LOOKING FOR A writing group is much like Goldilocks in the house of the three bears trying out their chairs — it takes a while to find a fit that’s just right. Finding that right fit is made even harder when you move to a small town.
I used to live in a moderately sized city with about dozen different writing groups to choose from. And while it took me some time, I found one that suited me. We discussed the writing industry, publishing options (traditional vs. independents), shared marketing tips, contest information, and upcoming events (such as conventions and conferences). And, oh yeah, we even critiqued each other’s works, but that was usually done via email, so rarely became the focus of the twice-a-month meetings.
I have now moved to a much smaller town, and was lucky to find two writing groups listed at the local library. I went to the meeting of Group A, but they were too hard. If you hadn’t read the classics, studied creative writing or English Lit, and had (at a minimum) a bachelor’s degree in same, you were made to feel very small and unwelcome. Since I studied journalism and left school three credits short of a degree, I felt their condescension. And although I let them know that I had seven published books, they remained disdainful.
Despite that experience, I decided to try Group B. But they turned out to be too soft. The moment I walked in, I knew it wasn’t a fit. Everyone there was at least 20 to 25 years older than me. (While it made me feel young, I am considered by society to be a senior citizen.) And lest you think I’m judging them on age, my heart didn’t sink until I tried speaking with several of them about something I had read in a blog. Blank stares and confusion were my response. They were unfamiliar with blogs, could barely navigate a word processing program or their email, and had no concept what I was referring to.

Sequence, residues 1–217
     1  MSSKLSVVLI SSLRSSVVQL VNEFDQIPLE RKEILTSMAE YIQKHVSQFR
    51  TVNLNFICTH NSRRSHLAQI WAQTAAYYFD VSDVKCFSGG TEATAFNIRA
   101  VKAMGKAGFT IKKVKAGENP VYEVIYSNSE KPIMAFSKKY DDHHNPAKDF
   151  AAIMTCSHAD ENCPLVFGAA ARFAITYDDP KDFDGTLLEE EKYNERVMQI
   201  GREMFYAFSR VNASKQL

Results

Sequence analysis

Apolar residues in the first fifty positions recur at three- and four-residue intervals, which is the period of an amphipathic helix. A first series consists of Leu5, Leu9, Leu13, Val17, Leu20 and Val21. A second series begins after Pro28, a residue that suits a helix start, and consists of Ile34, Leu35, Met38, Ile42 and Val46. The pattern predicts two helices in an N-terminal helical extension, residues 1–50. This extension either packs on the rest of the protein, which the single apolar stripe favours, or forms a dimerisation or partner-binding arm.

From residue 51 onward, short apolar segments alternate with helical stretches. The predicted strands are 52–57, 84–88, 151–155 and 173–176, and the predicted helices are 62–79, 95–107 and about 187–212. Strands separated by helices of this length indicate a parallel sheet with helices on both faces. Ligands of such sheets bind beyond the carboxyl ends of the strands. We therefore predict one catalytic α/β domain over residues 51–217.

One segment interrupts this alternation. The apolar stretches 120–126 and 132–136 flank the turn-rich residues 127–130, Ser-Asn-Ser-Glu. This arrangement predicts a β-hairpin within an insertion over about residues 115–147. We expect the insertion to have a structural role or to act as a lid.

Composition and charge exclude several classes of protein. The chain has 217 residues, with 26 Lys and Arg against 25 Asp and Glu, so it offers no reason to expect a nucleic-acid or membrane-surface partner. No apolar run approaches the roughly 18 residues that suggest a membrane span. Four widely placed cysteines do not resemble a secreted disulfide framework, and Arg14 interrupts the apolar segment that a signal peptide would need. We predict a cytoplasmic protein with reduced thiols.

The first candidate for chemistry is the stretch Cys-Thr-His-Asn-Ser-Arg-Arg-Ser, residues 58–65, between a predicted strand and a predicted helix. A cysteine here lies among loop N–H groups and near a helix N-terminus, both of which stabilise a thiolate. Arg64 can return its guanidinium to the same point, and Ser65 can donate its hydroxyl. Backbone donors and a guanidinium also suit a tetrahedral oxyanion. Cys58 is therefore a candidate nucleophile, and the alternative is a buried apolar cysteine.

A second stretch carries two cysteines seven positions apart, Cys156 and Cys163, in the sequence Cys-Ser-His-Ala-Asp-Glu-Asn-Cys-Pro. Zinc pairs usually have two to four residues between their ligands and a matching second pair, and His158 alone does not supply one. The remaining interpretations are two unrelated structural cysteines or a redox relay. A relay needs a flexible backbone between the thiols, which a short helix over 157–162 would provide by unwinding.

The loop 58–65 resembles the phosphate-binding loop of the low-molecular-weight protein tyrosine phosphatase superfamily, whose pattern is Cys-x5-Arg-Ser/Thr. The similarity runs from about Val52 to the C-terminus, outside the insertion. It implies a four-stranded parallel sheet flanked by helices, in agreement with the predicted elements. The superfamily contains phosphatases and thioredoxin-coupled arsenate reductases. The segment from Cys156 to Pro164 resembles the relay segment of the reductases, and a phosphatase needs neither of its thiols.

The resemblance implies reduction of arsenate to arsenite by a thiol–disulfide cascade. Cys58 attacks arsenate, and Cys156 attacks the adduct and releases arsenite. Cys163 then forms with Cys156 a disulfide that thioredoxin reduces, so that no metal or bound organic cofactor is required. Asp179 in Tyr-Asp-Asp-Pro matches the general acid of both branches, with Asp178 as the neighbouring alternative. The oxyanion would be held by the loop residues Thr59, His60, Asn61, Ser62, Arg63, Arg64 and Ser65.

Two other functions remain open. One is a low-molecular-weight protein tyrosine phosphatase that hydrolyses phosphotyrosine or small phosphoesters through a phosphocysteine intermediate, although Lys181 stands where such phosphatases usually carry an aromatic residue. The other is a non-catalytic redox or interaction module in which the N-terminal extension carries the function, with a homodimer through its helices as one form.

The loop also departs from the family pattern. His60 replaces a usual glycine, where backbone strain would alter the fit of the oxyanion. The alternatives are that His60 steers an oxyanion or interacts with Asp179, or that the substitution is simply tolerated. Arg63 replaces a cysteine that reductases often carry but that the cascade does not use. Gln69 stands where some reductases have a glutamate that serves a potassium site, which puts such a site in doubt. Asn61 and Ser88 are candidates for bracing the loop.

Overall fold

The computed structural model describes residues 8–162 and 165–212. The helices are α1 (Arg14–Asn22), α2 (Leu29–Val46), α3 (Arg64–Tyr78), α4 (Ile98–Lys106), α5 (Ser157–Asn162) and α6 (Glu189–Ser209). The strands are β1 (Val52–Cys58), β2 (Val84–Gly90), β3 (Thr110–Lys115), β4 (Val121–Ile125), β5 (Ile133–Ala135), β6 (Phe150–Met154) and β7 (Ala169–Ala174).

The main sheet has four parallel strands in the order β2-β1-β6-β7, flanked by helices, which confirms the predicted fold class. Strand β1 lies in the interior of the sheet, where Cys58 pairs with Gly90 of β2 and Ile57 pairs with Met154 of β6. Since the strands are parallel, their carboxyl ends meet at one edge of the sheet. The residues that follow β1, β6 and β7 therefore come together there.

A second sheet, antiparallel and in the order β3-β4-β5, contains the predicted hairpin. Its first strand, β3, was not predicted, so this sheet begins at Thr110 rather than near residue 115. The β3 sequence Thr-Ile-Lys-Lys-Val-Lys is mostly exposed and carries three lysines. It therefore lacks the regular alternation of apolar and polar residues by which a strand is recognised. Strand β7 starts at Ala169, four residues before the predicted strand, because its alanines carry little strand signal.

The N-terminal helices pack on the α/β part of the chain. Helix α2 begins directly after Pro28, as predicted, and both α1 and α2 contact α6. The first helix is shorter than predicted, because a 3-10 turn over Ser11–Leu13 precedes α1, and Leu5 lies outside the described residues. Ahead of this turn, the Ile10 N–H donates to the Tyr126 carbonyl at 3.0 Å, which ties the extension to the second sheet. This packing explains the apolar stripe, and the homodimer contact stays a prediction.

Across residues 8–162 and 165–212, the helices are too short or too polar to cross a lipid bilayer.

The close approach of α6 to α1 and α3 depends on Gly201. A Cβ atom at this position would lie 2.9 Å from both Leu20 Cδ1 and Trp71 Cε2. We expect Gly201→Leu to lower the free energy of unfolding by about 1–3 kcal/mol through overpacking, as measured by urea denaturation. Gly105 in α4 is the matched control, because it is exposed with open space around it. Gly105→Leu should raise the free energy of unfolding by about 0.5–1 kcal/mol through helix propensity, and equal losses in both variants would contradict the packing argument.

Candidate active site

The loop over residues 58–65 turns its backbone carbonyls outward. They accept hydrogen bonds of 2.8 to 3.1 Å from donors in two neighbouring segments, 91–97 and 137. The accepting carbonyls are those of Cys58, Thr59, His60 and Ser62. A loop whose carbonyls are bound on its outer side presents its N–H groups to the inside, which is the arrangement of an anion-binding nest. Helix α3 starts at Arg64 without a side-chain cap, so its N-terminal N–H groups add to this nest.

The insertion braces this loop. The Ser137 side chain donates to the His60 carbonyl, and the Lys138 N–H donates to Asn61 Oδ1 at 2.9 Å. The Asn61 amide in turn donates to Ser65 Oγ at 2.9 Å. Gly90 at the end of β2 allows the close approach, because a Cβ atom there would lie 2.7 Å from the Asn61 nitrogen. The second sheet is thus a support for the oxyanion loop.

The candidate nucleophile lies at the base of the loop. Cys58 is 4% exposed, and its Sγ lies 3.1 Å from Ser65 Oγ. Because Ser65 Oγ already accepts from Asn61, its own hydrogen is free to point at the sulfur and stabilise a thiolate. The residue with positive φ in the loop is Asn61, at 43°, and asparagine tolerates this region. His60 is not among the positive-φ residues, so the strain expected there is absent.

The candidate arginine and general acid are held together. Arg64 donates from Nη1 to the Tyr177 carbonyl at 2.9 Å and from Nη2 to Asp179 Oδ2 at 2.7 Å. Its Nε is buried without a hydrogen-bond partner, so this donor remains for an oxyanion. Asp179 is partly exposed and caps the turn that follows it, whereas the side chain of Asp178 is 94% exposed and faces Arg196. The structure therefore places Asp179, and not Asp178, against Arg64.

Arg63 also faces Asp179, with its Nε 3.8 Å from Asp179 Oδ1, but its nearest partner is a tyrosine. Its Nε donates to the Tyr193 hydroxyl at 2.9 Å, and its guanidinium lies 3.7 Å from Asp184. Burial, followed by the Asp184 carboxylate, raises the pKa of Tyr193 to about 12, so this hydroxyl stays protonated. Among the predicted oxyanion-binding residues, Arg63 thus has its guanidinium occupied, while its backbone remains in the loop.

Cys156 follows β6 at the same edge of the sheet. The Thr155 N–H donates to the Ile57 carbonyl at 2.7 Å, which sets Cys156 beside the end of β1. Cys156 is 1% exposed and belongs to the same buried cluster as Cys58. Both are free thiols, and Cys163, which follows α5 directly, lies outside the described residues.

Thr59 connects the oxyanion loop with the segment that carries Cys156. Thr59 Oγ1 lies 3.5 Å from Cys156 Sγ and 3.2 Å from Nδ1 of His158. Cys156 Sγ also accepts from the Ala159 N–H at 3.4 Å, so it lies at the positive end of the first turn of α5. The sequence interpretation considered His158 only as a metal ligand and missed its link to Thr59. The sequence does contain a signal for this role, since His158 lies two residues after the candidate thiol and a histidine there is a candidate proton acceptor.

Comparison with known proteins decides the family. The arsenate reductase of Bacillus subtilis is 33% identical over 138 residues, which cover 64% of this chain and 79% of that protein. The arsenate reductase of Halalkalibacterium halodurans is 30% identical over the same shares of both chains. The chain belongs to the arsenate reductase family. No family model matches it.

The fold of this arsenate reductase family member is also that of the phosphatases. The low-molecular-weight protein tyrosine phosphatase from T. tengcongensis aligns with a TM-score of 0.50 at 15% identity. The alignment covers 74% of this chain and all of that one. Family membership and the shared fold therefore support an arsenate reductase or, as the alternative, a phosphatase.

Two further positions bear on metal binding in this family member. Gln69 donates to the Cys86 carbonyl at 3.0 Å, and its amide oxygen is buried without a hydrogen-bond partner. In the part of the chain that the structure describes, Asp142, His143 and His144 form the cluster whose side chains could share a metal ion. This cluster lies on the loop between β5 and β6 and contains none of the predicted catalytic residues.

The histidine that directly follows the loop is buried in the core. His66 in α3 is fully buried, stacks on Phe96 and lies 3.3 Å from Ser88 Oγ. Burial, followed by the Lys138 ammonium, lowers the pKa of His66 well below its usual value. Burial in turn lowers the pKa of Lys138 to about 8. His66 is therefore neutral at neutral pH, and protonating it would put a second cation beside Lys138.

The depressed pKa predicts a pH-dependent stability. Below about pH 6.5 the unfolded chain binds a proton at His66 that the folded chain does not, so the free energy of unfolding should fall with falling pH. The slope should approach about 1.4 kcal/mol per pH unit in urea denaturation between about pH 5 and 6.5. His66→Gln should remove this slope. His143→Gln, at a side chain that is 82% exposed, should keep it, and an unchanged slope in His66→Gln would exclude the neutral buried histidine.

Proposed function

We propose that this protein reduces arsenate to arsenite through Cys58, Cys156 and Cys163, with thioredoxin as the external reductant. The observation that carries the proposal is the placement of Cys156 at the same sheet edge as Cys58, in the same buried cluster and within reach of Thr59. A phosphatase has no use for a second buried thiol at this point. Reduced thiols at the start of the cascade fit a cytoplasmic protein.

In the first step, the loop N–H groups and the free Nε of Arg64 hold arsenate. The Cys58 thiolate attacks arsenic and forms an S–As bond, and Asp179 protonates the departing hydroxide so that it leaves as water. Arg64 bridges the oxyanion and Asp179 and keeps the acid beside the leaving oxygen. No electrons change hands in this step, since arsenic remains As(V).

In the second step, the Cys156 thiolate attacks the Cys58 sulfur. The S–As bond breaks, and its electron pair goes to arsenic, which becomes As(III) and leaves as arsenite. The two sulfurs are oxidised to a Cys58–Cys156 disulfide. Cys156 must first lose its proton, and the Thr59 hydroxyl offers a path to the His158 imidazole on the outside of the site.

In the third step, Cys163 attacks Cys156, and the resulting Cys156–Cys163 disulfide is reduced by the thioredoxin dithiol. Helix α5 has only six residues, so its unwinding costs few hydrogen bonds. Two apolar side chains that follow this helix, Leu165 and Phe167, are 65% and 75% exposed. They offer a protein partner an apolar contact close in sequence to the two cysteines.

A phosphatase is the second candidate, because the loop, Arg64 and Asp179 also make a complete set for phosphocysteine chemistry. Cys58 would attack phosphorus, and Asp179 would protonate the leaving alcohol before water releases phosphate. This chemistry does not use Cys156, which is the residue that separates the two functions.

They had started the group because they had finally realized their own mortality and thought that their life should have meaning. Therefore, although they had never written anything beyond a grocery list, they wanted to write and publish their memoirs in the hopes that someone would remember each of them. And while, I have no issue with that, it wasn’t the type of group I was looking for. They were there to critique each other’s works and that was all.
For three hours they chided individuals on their use of commas and clauses. They also banned the use of the word ‘that.’ (I have no idea why they disliked the poor word so, but every occurrence was stricken from the hard copies they all referred to — no computers here — with a notation that it should henceforth never show its face again.)
Discouraged, but not quite ready to give up, I checked around the other small towns in my area. However, I couldn’t find what I was looking for. I wanted something similar to what I had left behind — the camaraderie and intellectual exchanges regarding writing, blogging, and publishing. I wanted the support and understanding that only other authors trying to sell their books can give, primarily because they appreciate the perils, horrors, and pitfalls of marketing when you’re an introvert.
But it seems that when you move to a small town, you have to make sacrifices. For me, that sacrifice is my writing group. Therefore, I sought out the type of writing group and interactions that I craved via the Internet. Luckily, I managed to find like-minded writers, willing to share tips, ideas, and critiques. They also give me the support and understanding that I need to continue my writing career. For me, my Internet writing group is just right.